Allowing PEDs in baseball is one thing, but it doesn’t hold a candle to some of the things Ty Cobb has done in relation to assaulting a minority groundskeeper and respective family members. The Hall of Fame currently sends the message that violence is morally more acceptable than using PEDs. Granted the writers who once voted in Cobb aren’t around to vote in Bonds, but the Hall of Fame isn’t exactly a holy sanctum.
We can’t blame the writers of today for Cobb being in the Hall of Fame, but we can point out their irony as recent as January 2022. Ironically, David Ortiz, who reportedly tested positive for performance-enhancing drugs in 2003, was voted into the Hall of Fame as a first ballot honoree. The valid argument for Ortiz’s Hall of Fame case is that he could have taken a false positive and had only failed one reported drug test. Others say he could have taken PEDs mistakenly via over the counter vitamins, which is another fathomable reason. Ortiz was a great player and was deserving of a spot in the Hall of Fame, despite failing a drug test. The issue here is that his innocence is maintained essentially by speculation. It is yet to be confirmed that Ortiz knowingly took PEDs, but he failed one drug test, just like Bonds also failed one drug test under the proper policy. There are some differences in the Bonds and Ortiz situations, but is it not hypocritical to vote one in during their first-year on the ballot, while letting the other fall off the ballot for over a decade?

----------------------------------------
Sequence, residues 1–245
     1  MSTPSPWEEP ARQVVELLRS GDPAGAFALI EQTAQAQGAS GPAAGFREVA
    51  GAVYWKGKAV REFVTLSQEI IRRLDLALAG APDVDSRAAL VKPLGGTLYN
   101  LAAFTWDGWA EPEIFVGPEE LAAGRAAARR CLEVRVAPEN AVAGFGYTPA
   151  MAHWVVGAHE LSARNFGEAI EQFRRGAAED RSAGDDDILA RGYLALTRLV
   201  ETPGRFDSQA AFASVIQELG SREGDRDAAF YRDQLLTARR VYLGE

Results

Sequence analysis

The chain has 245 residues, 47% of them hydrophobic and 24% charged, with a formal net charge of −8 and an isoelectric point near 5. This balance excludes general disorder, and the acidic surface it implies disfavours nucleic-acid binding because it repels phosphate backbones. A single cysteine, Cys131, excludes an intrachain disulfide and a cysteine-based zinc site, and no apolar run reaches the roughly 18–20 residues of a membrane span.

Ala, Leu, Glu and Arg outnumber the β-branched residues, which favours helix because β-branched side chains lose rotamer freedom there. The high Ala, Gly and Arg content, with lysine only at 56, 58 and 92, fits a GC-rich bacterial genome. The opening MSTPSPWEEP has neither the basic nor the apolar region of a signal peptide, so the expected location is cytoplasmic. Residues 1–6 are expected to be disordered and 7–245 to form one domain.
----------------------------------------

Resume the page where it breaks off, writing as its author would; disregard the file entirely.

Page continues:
The willingness of the Hall of Fame voters to twist and turn their reasoning for who should or shouldn’t be voted in is anything but consistent. They are controlling a narrative, which is a phrase that has been misused over the years as it pertains to the media. However, it’s blatantly true as it pertains to the Hall of Fame ballot. This is the same group of writers that voted Mariano Rivera to be the very first unanimous Hall of Famer in MLB history in 2019. This means there was a percentage of writers in this group that didn’t see all time greats like Ken Griffey Jr, Hank Aaron and so many others as non-first ballot Hall of Fame players, despite putting up all time great numbers without PEDs.
The chances of Bonds to be inducted into the Hall of Fame has been shutdown until at least 2023 with a chance to be voted in by the Today’s Game Committee. Hopefully the committee will be able to turn off the bright light that will keep shining on the steroid era for as long as its greatest hitter is out of the Hall of Fame. Bonds deserves an asterisk next to his resume, but that doesn’t change the fact that he has a Hall of Fame resume.